Quantcast

The Speed of Poetry | The Nation

  •  

The Speed of Poetry

  • Share
  • Decrease text size Increase text size

Fragmentation came to mind again during the panel on "Poetics Consciousness" as publisher and editor Douglas Messerli of the independent press Sun & Moon presented a detailed genealogy of North American poetics from Pound and Stein all the way down to his own affinity group, the Language poets--a litany so white that I kept checking my notes, thinking I must have missed something. (Didn't the poets of the Black Arts movement say anything worthwhile about their aims and methods?) Messerli's discussion was witty and provocative; I enjoyed his impassioned defense of poetics, which he believes get slighted in the United States because of what he calls our poets' "Calvinist" attachment to "the word unadorned." I also appreciated his exhortation to pay attention to poetry's international context, an awareness he promotes by publishing an anthology series of poetry in translation. That is a focus shared by Weinberger, whose work as a Spanish-English translator has helped build literary bridges between Latin and North America. Yet their perspectives left me thinking that what Briccetti terms a "new awareness of multiplicity" coexists with a pattern depressingly familiar outside the literary realm: Formal equality masks and justifies the lopsidedness of privilege. We're all poets now, but some are born and bred for Guggenheims, while others get to juggle the day job with teaching poetry to "at risk" youth and scribbling lyrics on the subway.

About the Author

Jan Clausen
Jan Clausen's recent work includes the memoir Apples and Oranges (Houghton Mifflin) and poetry published in Hanging...

More claims of persistent structural inequality surfaced at the workshop on the current publishing market for women. Amy Holman of the organization Poets & Writers urged her audience to beware of presses and magazines with an antifemale bias, citing highly regarded outlets like Granta and Farrar, Straus & Giroux as laggards in the publishing community when it comes to supporting women poets. Her comments, like González's, recalled the recent uproar over the overwhelmingly white and male profile of the Academy of American Poets' board of chancellors. Last year the academy, which bills itself as the largest nonprofit organization supporting US poetry and which administers an impressive range of prizes, readings and poetry education programs, finally added a clump of more "diverse" chancellors--but only after chancellors Carolyn Kizer and Maxine Kumin resigned to show their sympathy with mounting criticisms of the self-elected board's narrowness. One wonders whether the reconstituted board (including Lucille Clifton, Louise Glück, Yusef Komunyakaa, Heather McHugh, Adrienne Rich and Rosanna Warren) will indeed promote cross-fertilization among poetic traditions, or whether, instead--like those who perennially dismiss insurgent poetic voices as saboteurs of literary meritocracy--the old guard will simply retreat into gated communities of the mind.

Two recent Manhattan readings offered intriguing hints that "outsider" literary ventures may provide significant occasions for poets espousing widely varied aesthetics to come within hailing distance of one another, maybe even converse. An event held at the New School celebrated first books by fellows of Cave Canem, a workshop for African-American poets founded in 1996 by Toi Derricotte and Cornelius Eady. The striking range of the work--from Jamaican-accented narratives included in Shara McCallum's The Water Between Us (Pittsburgh) to the "asyntactic, non-narrative" poems G.E. Patterson has written since completing Tug (Graywolf) to Terrance Hayes's verbal variations on a theme by John Coltrane and Miles Davis (from Muscular Music, Tia Chucha)--hinted that Cave Canem must be the scene of energetic debates about poetics. And a reading at the Poetry Project at St. Marks in celebration of The World in Us: Lesbian and Gay Poets of the Next Wave (St. Martin's) included slamster Regie Cabico, Yale Review editor J.D. McClatchy, "last of the New York School" poet Eileen Myles and Letta Neely (Juba, Wildheart Press), who read a moving narrative poem written in what she said some people call "Ebonics, but I just call it my first language." Is it possible that those poets who dwell in what Audre Lorde termed "the house of difference" are likely to be especially tolerant or even welcoming of formal variety?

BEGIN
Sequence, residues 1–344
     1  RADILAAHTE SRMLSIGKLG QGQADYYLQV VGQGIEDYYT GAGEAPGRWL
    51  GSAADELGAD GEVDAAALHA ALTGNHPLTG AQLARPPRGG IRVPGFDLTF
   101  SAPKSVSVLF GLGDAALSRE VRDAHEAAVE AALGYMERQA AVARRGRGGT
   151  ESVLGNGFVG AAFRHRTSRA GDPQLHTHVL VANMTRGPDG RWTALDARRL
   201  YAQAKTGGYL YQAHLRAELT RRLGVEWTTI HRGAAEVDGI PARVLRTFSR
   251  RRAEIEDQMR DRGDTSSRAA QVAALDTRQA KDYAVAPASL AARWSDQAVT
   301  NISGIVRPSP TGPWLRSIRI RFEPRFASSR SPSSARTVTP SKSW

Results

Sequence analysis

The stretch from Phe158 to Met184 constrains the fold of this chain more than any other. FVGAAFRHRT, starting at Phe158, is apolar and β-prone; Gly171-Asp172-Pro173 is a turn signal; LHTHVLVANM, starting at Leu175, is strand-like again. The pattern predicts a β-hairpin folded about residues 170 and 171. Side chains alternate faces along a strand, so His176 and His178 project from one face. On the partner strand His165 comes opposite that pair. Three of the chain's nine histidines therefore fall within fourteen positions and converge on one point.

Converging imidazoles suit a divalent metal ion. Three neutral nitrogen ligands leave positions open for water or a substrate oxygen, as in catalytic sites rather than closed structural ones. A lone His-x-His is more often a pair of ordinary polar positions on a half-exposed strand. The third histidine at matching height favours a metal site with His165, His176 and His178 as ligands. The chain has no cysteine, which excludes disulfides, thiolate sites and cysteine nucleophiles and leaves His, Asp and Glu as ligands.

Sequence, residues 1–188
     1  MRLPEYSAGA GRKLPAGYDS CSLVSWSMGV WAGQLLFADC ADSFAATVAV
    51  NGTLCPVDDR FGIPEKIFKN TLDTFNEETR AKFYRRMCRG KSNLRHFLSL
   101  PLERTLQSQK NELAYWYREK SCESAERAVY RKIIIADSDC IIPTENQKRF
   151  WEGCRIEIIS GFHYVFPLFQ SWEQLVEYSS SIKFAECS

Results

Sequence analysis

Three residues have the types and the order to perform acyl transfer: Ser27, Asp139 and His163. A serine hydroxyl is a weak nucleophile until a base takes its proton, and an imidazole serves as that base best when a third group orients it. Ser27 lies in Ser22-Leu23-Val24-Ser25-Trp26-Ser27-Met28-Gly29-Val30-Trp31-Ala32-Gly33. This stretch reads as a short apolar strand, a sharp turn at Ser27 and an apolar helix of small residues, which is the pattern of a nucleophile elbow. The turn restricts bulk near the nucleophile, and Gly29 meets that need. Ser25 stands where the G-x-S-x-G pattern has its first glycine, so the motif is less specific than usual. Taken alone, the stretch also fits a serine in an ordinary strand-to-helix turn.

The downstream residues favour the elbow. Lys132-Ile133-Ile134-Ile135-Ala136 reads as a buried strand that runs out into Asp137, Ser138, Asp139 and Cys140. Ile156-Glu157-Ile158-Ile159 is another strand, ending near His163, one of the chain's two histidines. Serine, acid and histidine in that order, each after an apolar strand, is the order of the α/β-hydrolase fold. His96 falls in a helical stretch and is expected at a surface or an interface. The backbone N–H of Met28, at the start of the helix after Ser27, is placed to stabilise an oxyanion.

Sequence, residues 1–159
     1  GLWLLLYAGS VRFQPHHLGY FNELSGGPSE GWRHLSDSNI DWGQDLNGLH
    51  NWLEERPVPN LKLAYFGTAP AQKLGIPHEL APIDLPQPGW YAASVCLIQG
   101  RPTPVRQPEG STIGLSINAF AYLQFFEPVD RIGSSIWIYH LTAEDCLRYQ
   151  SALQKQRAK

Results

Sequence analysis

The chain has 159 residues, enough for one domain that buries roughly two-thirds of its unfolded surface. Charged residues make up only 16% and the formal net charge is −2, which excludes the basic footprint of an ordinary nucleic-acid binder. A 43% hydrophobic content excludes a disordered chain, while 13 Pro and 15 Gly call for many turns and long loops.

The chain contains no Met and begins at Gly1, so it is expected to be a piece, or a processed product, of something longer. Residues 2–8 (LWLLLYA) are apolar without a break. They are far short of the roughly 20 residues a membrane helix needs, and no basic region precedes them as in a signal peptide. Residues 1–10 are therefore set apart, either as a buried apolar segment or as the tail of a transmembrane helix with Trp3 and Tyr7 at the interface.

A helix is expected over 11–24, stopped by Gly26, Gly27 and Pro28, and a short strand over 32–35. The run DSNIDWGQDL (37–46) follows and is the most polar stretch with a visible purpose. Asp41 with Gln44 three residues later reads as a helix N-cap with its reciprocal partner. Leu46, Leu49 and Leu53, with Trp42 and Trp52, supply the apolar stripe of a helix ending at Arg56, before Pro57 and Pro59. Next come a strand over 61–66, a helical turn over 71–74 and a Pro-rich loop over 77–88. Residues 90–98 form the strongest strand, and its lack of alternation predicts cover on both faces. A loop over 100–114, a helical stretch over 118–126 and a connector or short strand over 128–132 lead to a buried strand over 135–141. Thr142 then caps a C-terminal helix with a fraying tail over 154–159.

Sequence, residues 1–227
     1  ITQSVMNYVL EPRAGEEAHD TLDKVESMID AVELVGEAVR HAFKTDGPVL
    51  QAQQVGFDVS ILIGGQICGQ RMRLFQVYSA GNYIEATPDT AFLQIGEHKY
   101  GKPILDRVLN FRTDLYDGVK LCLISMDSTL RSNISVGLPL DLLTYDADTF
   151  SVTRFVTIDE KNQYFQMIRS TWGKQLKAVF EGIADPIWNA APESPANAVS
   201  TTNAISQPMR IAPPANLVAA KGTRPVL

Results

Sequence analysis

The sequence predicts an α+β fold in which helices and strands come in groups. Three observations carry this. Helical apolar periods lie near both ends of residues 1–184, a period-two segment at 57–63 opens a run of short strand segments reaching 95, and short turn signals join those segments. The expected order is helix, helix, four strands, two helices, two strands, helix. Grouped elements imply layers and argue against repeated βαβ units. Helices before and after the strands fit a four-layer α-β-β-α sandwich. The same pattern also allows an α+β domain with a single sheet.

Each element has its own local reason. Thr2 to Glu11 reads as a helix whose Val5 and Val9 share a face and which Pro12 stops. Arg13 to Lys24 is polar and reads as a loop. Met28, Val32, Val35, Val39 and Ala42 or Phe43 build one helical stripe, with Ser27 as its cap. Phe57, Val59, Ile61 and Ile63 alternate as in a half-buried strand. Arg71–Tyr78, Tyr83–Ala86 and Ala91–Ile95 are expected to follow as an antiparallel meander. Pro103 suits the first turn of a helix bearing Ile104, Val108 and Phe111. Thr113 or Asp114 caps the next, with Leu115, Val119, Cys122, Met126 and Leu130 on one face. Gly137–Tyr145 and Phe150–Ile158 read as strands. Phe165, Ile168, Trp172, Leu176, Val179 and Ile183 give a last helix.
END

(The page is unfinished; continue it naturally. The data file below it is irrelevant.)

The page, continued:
What I've just described as the persistence of structural inequality in the poetry world persuades me that promoting cultural democracy is one of two major challenges facing poetry advocates. The second goes back to my point about the increasingly distracted conditions under which we receive and, let's face it, compose poems.

The speedup is ubiquitous, but one of its most striking manifestations is the proliferation of poetry on the Internet. Mindful of Amy Holman's advice that she who wants to be well published had better know what's out there, I've begun visiting Poetry Daily's website (www.poems.com/home.htm), which features a constantly updated menu of poems from current literary magazines. A few clicks will get you an embarrassment of riches, from R.T. Smith's excellent survey of decades' worth of books on writing poetry to poems by George Herbert and Thomas Hardy.

I'm quite ambivalent about this easy access. It lures me to read many things I might not otherwise see, but I find that poems read (or surfed) in this way feel alarmingly contextless--or, if you will, too fully contextualized. The individual lyric becomes an evanescent stanza, a floating portal to poems in general. On the Internet, a poem gets reconfigured as information.

  • Share
  • Decrease text size Increase text size